Analysis_Descriptive_Weighted Univariate Summary.
This function provides measures of location and dispersion which describe the data in a worksheet column. You are given the number, arithmetic mean, sum, variance, standard deviation, standard error of the arithmetic mean, coefficient of variance, confidence interval for the arithmetic mean, geometric mean, coefficient of skewness, coefficient of kurtosis, maximum, upper quartile, median, lower quartile, minimum and range for each selected variable. You can also choose to calculate an additional quantile and this is appended to the results listed above. Incalculable results are displayed as missing data using an asterisk (*).
If you select more than one column of data to describe then you are given an option to save the results to worksheet columns. Saved columns of results represent the statistics, mean, median etc., and their rows represent the variables/columns you selected to describe.
Confidence limits (boundaries of the confidence interval) are given for the arithmetic mean. Please see quantile confidence interval for confidence intervals for the median and other measures of location.
Some related topics:
- central tendency
- variance, standard deviation and spread
- normal distribution
- quantile confidence intervals
Please refer to one of the general textbooks listed in the reference sectionfor discussion of the application and relative merits of individual descriptive statistics.
Valid data and missing data
For each worksheet column that you select, the number of valid data are the number of cells that can be interpreted as numbers, the remaining cells that can not be interpreted as numbers are counted as missing (e.g. empty cell, asterisk or text label). The sample size used in the calculations below is the number of valid data.
Sum, mean, variance, standard deviation, standard error and variance coefficient
- where Σ is the summation for all observations (xi) in a sample, x bar is the sample (arithmetic) mean, n is the sample size, s² is the sample variance, s is the sample standard deviation, SEM is the standard error of the sample mean, upper and lower CL are the confidence limits of the confidence interval for the mean, tα, n-1 is the (100*a)% two tailed quantile from the Student t distribution with n-1 degrees of freedom, and VC is the variance coefficient.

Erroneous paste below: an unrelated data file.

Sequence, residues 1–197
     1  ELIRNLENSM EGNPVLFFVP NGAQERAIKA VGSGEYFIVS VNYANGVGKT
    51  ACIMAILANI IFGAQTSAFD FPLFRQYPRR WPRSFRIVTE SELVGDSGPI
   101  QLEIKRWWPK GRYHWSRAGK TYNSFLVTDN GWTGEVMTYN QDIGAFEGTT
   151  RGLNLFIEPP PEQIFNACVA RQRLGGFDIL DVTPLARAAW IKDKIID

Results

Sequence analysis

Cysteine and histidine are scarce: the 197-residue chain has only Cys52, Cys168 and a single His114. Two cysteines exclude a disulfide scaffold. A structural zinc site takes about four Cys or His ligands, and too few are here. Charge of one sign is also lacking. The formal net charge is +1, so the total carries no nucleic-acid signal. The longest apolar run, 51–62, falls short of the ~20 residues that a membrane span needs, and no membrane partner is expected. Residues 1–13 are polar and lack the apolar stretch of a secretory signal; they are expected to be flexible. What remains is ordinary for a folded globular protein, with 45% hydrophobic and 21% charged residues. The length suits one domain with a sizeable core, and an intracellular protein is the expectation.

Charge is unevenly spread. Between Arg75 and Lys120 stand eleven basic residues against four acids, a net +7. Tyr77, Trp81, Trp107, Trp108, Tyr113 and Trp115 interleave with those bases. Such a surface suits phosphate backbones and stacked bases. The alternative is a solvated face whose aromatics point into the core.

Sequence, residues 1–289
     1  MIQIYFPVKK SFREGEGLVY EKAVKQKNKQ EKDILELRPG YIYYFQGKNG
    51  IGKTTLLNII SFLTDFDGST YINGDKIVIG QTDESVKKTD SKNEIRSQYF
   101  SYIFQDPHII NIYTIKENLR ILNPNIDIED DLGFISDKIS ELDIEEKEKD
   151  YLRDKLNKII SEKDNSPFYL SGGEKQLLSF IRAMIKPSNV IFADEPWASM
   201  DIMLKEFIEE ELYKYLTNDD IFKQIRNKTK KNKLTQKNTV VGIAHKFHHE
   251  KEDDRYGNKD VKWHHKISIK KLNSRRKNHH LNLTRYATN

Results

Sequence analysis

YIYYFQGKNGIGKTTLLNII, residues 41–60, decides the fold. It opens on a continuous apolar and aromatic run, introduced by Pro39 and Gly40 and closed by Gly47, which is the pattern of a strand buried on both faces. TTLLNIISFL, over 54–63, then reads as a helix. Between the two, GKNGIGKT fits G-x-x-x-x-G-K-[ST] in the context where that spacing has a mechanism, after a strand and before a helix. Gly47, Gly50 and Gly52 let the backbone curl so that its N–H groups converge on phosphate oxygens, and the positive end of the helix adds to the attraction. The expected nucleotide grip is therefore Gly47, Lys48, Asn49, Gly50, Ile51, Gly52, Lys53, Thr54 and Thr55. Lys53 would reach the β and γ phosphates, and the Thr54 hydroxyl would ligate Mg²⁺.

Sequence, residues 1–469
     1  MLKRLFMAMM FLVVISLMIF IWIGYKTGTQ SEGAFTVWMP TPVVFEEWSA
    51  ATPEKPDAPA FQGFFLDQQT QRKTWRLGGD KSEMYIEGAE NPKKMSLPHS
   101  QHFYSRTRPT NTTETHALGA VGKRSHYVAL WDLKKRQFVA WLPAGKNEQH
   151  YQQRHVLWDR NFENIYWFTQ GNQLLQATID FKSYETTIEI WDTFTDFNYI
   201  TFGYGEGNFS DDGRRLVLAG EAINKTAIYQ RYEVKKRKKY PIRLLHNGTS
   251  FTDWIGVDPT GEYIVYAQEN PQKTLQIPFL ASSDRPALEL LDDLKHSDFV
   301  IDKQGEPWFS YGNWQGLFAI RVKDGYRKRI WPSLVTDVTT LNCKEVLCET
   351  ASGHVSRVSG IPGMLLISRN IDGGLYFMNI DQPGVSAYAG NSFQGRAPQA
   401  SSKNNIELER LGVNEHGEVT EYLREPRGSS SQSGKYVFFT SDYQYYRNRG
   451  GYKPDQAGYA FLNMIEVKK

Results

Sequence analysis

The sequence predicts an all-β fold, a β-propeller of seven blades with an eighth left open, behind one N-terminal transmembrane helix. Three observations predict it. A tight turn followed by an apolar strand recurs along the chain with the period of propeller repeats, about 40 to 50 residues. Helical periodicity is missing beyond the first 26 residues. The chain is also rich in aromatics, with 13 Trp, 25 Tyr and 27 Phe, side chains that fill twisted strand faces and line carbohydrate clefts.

Skewness and kurtosis
- where Σ is the summation for all observations (xi) in a sample, x bar is the sample mean and n is the sample size. Note that there are other definitions of these coefficients used by some other statistical software. StatsDirect uses the standard definitions for which critical values are published in standard statistical tables (Pearson and Hartley, 1970; Stuart and Ord, 1994).
The geometric mean is a useful measure of central tendency for samples that are log-normally distributed (i.e. the logarithms of the observations are from an approximately normal distribution). The geometric mean is not calculated for samples that contain negative values.
- where Σ is the summation for all observations (xi) in a sample, ln is the natural (base e) logarithm, exp is the exponent (anti-logarithm for base e), GM is the sample geometric mean and n is the sample size.
If weights are selected then the weights that you supply are first normalised so that they sum to the total number of observations n:
- where vi is a user supplied weight and wi is the normalised weight.
The following formulae replace the mean, variance and moments calculations defined above when weights are used:
Median, quartiles and range
For samples that are not from an approximately normal distribution, for example when data are censored to remove very large and/or very small values, the following nonparametric statistics should be used in place of the arithmetic mean, its variance and the other parametric measures above.
Median (50th centile, quantile 0.5), lower quartile (25th centile, quantile 0.25) and upper quartile (75th centile, quantile 0.75) are defined generally as quantiles:
Two different quantile definitions (Weisberg, 1992; Gleason, 1997; Stuart and Ord, 1994 are used in the summary statistics (see also: quantiles): the first is the conventional quantile that is also used in the quantile confidence interval function and the second allows for weights:
- where p is a proportion, Q is the pth quantile (e.g. median is Q(0.5)), fix is the integer part of a real number, h is the fractional part of order statistic i, u is an observation from a sample after it has been ordered from smallest to largest value and n is the sample size.
- where p is a proportion, Q is the pth quantile (e.g. median is Q(0.5)), u is an observation from a sample after it has been ordered from smallest to largest value, n is the sample size, w is a weight normalised so that it sums to n and
The computational methods used in StatsDirect univariate summary statistics, including this function, provide 15 decimal places of precision. This is tested against known standards such as the reference data set used in the example below.
Test workbook (Parametric worksheet: Michelson).
The data are 100 measurements of the speed (millions of meters per second) of light in air recorded by Michelson in 1879 (Dorsey, 1944). The American National Institute of Standards and Technology use these data as part of the Statistical Reference Datasets for testing statistical software (McCullough and Wilson, 1999; http://www.itl.nist.gov/div898/strd/).
Open the test workbook and select the "Michelson" column. Choose Univariate Summary from the Descriptive section of the analysis menu and click on OK when you see a list of descriptive statistics options.
Results from StatsDirect (with decimal places in Analysis_Options set to 12 and centile type 2 selected):
|Standard error of mean||0.007901054782|
|Upper 95% CL of mean||299.868077406834|
|Lower 95% CL of mean||299.836722593166|